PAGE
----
The Nature of Consciousness

Piero Scaruffi

(Copyright © 2013 Piero Scaruffi | Legal restrictions )
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These are excerpts and elaborations from my book "The Nature of Consciousness"

Protoconsciousness

The US psychologist Stuart Hameroff advanced a theory of consciousness rooted in Physics. One of the big mysteries of evolutionary Biology is the sudden explosion of species during the Cambrian period. According to fossil records, life on Earth originated about 4 billion years ago, but for about 3.5 billion years it evolved very slowly, producing mainly single-celled organisms and a few simple multicellular organisms. Then, all of a sudden, in a rather brief period of 10 million years beginning about 540 million years ago (the Cambrian period), a huge number of different forms of life emerged. Biologists have always been puzzled by this sudden diversification of life.

One possible explanation would be the emergence of a feature that greatly enhanced adaptation and mutation. Hameroff thinks that it may have been the emergence of consciousness, that consciousness not only occurred early in the evolutionary path but it even altered the course of evolution. The idea is that behavior can indirectly alter genetic information, as already argued in 1958 by the Austrian physicist Erwin Schroedinger, by enabling organisms to survive and reproduce where non-intelligent organisms would simply die.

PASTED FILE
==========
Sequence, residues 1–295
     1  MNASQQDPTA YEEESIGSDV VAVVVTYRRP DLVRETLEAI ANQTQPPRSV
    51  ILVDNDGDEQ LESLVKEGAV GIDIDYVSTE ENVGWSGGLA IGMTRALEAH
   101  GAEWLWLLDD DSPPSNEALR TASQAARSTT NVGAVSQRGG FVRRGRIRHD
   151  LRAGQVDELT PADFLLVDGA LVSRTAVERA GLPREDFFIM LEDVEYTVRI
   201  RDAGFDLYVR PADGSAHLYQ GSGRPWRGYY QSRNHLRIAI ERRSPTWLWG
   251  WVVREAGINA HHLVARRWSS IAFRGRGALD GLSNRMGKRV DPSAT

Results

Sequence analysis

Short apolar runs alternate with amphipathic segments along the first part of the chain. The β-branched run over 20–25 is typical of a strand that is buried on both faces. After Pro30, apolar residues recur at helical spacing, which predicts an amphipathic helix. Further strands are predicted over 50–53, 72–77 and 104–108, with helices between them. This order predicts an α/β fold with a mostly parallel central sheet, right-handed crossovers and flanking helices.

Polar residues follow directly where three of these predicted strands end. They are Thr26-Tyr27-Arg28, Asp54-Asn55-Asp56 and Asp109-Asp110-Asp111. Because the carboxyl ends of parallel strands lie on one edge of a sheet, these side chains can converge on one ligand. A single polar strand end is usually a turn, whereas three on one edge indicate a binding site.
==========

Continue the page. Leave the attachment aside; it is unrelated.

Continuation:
Cells contain a structure called “cytoskeleton”, which is made of a protein called "tubulin", which forms cylinders called "microtubules". According to the US biologist Lynn Margulis, microtubules and the cytoskeleton were created by symbiotic mergers more than a billion years ago. Simple organisms actually had to rely on the cytoskeleton for purposeful behavior. Having no synapses or neural networks, they relied on their cytoskeleton for sensation, locomotion and information processing. Cytoskeletal structures provided several services, including internal organization of the neuron, processing of information, communication. In summary, the cytoskeleton organizes intelligent behavior in simple organisms. Margulis thinks that consciousness was a property of even simple unicellular organisms of several billion years ago.

The cytoskeleton seems to play a particularly relevant role in differentiation. A cell's genes are activated and regulated by its cytoskeleton. Cytoskeletal cooperation among neighboring cells enabled differentiation and allowed different types of tissues to emerge. Then, higher order structures appearing with specific functions (organs) started appearing and these in turn enabled more purposeful behavior.

All of this depends on the cytoskeleton, which Hameroff thinks is the level at which consciousness is created. If that is the case, then rudimentary "conscious" events occurred the very moment the cytoskeleton became important for small organisms. Organisms began to experience feelings and make conscious choices.

 


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